11... g5 {Was required, as Black needs to develop a quick counter on the
kingside.} 12. Ngf3 (12. Ndf3 h5 13. Re1 Qc7 14. gxh5 g4 $13) 12... h5 13. Re1
Qc7 14. Ne5 Kb8 15. gxh5 g4 $13) 12. Re1 Qc7 13. g5 Nh5 14. Be2 $1 {An
incredibly strong move. Shankland understands that the K on h5 is actually a
good piece, as Black's idea was to open the h file and start threatening Ng3!
with a discovery check.} (14. Ngf3 h6 15. gxh6 Bxh6 16. Kg1 Bg7 17. Bb5 a6 18.
Bxc6 Qxc6 $13) 14... Ng7 15. Ngf3 Ne6 16. Bb5 Bg7 17. Qa4 Rd6 18. Nb3 b6 $2 {
A terrible move, which simply deals the game to Shankland. The weakness of the
light squares will now prove decisive} (18... a6 {a much better defensive idea}
19. Bxc6 Rxc6 20. Nc5 Nxc5 21. dxc5 Re6 22. Rh4 Qxc5 23. Rxf4 $14) 19. Nc1 $16
Nb8 20. Nd3 Kb7 21. Nb4 Qd8 22. Ne5 Qc7 23. Qb3 Rhd8 24. Rxh7 $18 {Shankland
breaks through Liang's defense, and the rest of the game is just a formality
for the new champion!} a6 25. Bd3 Ka7 26. Qa4 a5 27. Bb5 Kb7 28. Nbd3 Rg8 29.
Nf3 Rh8 30. Rxh8 Bxh8 31. a3 Nc6 32. Bxc6+ Rxc6 33. Nde5 Bxe5 34. Nxe5 Rd6 35.
Qe8 Rd8 36. Qxf7 Nxg5 37. Qxc7+ Kxc7 38. Nxg6 f3 39. Nf4 Kc6 40. gxf3 Nxf3 41.
Re6+ Kb5 42. Ke2 Ng1+ 43. Kd3 1-0


U.S. Women’s Championship – Wang breaks at the buzzer.

The show goes on in the ladies’ division, as the unexpected happened!

Annie Wang started off blazing hot, and her position against Foisor looked completely dominant. On the other side, Paikidze was playing a sharp but rather messy game against the experienced Goletiani.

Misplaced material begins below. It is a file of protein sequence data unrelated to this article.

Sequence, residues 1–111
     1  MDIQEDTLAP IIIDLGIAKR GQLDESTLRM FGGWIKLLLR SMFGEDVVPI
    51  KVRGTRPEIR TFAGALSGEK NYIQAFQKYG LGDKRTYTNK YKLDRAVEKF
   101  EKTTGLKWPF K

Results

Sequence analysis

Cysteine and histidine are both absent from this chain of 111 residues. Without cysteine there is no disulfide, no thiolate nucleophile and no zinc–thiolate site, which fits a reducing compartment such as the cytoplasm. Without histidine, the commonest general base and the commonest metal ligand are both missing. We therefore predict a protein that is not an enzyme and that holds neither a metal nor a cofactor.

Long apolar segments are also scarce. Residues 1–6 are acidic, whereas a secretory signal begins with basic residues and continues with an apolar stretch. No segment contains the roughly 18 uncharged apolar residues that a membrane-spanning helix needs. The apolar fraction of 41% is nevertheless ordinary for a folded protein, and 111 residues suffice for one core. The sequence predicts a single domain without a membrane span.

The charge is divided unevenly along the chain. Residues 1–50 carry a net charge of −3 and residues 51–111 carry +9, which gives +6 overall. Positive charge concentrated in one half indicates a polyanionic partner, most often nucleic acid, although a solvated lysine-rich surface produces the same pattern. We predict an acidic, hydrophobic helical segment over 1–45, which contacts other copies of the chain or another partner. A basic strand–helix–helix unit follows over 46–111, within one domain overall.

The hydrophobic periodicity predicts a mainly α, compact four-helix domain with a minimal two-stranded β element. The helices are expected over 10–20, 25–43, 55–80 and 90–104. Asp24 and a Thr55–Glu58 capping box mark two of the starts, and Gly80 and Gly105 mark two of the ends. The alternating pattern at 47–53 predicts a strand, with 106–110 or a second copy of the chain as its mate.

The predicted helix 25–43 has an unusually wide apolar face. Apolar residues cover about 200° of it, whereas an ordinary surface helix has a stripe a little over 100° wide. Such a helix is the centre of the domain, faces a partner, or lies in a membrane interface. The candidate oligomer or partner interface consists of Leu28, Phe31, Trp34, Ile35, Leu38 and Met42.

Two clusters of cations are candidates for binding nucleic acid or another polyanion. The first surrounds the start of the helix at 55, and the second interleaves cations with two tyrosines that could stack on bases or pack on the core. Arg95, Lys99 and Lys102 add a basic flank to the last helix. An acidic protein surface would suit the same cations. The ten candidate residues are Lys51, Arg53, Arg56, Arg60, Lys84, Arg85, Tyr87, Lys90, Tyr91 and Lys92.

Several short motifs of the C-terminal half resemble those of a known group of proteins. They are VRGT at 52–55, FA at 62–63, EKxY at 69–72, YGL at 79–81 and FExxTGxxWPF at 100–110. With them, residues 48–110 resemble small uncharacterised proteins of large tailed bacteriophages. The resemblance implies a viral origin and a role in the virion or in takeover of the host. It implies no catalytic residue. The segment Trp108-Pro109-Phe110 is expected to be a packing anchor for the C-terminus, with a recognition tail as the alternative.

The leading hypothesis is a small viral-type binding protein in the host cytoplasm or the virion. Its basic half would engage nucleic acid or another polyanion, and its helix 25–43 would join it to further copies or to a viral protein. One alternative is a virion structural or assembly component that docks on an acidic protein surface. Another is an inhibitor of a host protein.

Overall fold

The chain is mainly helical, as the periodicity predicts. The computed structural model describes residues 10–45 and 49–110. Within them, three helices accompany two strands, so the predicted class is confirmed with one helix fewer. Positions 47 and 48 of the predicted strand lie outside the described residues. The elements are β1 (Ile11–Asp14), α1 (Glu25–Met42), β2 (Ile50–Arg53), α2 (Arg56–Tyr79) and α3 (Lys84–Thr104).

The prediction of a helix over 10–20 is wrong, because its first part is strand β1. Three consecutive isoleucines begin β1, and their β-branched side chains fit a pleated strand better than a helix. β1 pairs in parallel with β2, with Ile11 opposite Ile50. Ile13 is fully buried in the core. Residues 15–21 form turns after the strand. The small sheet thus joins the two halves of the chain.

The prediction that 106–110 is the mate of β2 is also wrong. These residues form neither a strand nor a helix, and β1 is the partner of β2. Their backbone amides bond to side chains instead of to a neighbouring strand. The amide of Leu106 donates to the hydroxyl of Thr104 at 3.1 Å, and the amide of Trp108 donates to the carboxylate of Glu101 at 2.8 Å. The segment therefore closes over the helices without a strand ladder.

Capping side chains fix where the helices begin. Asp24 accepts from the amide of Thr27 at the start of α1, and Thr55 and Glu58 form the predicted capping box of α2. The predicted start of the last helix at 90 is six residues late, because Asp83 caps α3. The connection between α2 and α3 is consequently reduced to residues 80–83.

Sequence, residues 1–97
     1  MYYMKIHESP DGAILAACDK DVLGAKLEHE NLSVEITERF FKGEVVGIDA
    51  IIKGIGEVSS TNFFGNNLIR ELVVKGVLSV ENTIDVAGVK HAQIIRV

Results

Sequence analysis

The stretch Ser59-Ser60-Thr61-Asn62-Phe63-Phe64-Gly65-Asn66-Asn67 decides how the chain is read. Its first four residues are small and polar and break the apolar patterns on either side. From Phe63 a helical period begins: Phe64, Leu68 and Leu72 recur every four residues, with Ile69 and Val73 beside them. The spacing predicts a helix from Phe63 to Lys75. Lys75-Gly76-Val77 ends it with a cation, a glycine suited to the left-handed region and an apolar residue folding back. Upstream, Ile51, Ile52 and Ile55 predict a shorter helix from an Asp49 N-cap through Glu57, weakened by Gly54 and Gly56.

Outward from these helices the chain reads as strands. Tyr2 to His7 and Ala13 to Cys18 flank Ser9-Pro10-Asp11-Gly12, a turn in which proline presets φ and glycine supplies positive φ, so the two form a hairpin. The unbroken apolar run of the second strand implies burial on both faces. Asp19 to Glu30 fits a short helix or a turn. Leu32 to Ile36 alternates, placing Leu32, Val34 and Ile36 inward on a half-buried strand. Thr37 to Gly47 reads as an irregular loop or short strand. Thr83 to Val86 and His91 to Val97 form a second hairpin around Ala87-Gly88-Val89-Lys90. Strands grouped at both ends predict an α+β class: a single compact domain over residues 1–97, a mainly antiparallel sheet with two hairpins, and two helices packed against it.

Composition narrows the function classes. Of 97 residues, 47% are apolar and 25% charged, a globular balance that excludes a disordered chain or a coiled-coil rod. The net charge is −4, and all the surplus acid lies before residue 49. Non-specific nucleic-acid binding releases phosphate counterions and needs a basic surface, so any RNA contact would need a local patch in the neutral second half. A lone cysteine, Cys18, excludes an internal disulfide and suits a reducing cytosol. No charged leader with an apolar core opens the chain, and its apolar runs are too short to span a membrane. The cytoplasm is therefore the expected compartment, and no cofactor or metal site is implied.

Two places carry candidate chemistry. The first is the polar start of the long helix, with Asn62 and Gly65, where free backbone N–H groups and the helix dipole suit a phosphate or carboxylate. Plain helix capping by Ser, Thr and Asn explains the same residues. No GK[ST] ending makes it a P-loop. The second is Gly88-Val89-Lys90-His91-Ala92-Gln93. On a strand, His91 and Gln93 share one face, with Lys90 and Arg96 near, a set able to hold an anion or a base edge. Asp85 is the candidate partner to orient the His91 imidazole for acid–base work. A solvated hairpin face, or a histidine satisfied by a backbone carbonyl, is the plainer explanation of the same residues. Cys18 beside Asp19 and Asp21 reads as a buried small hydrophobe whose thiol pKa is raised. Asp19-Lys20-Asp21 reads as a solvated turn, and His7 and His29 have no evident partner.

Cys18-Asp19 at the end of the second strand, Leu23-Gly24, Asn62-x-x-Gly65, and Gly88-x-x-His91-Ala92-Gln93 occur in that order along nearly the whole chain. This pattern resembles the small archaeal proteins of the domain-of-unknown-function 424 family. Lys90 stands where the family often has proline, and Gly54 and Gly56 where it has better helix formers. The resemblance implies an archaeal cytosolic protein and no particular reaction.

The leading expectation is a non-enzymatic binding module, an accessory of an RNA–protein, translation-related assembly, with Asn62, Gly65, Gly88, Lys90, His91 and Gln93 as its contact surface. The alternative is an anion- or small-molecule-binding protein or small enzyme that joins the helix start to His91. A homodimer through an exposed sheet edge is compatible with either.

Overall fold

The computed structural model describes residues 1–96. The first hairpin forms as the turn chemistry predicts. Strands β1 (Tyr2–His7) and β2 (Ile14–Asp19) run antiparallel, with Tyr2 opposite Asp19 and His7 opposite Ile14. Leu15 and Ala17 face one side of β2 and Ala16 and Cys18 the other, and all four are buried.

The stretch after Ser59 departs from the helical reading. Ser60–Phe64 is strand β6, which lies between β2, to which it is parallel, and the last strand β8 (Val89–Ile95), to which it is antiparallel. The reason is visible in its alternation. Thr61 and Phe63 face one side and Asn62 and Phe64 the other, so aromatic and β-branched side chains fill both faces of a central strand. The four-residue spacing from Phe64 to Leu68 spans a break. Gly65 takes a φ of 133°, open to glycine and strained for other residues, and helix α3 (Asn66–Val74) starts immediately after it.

At this juncture in the round things were looking great for Wang, who looked primed to win her first U.S. Women’s Championship title and become one of the youngest victors this tournament has seen.

Then, the inexplicable happened. Wang began to play disastrous moves, and quickly found herself in a sea of trouble when Foisor’s rooks found their preferred avenue on the “G” file. Wang collapsed quickly and allowed her opponent to exchange her two rooks for the queen, as well as preserve a decisive attack on her now exposed king. Foisor closed the show with confidence, as she never allowed Wang to come back into the game.


[Event "U.S. Womens Championship"]
[Site "?"]
[Date "2018.04.29"]
[Round "11"]
[White "Foisor, Sabina"]
[Black "Wang, Annie"]
[Result "1-0"]
[ECO "D61"]
[PlyCount "73"]
[EventDate "2018.??.??"]
[SourceDate "2018.04.30"]

1. d4 e6 2. c4 Nf6 3. Nf3 d5 4. Bg5 Be7 5. Qc2 O-O 6. e3 Nbd7 7. Nc3 h6 8. Bh4
c5 {a solid opening choice by Annie Wang.} 9. cxd5 cxd4 10. Nxd4 Nxd5 11. Bxe7
Nxe7 12. O-O-O $5 (12. Be2 Nf6 {is slightly better for White, but 2017 U.S.
Champion, Sabina Foisor wants more!}) 12... Qa5 (12... a6 $5 {was an
alternative, with the plan to expand on the Queenside.}) 13. Nb3 Qe5 14. g4 $1
{trying to attack the Black king.} Nf6 15. Be2 Bd7 16. h4 Rfc8 $1 {, but it
turns out that Annie Wang's attack is quicker!} 17. Kb1 Nfd5 18. Ka1 $1 {the
only defence.} Bc6 19. Rhg1 Nb4 {a step in the wrong direction,} (19... Nxc3 {
would have guaranteed Black a stable advantage, as} 20. Qxc3 Qxc3 21. bxc3 Bd5
{would leave White with too many pawn weaknesses.}) 20. Qd2 $1 {suddenly White
gains back the initiative!} Ned5 21. Nxd5 Nxd5 22. g5 hxg5 23. Rxg5 Qf6 24.
Rdg1 Ne7 25. Rxg7+ $1 {the most precise, now Black is in real trouble.} Qxg7
26. Rxg7+ Kxg7 27. Qd4+ f6 28. Qd6 Kf7 29. Nc5 Bd5 30. Bh5+ Kf8 31. b4 Rxc5 32.
bxc5 f5 33. f3 Rc8 34. e4 fxe4 35. fxe4 Bxe4 36. Qxe6 Bd5 37. Qf6+ {and Black
resigned. A painful loss for Annie Wang, as Paikidze drew her game against
Goletiani, which means that the Womens Championship will be decided in the
playoffs tomorrow!} 1-0


As soon as the game finished, Paikidze offered a timely draw and Goletiani accepted.

We are now headed for the playoffs, may the best woman win!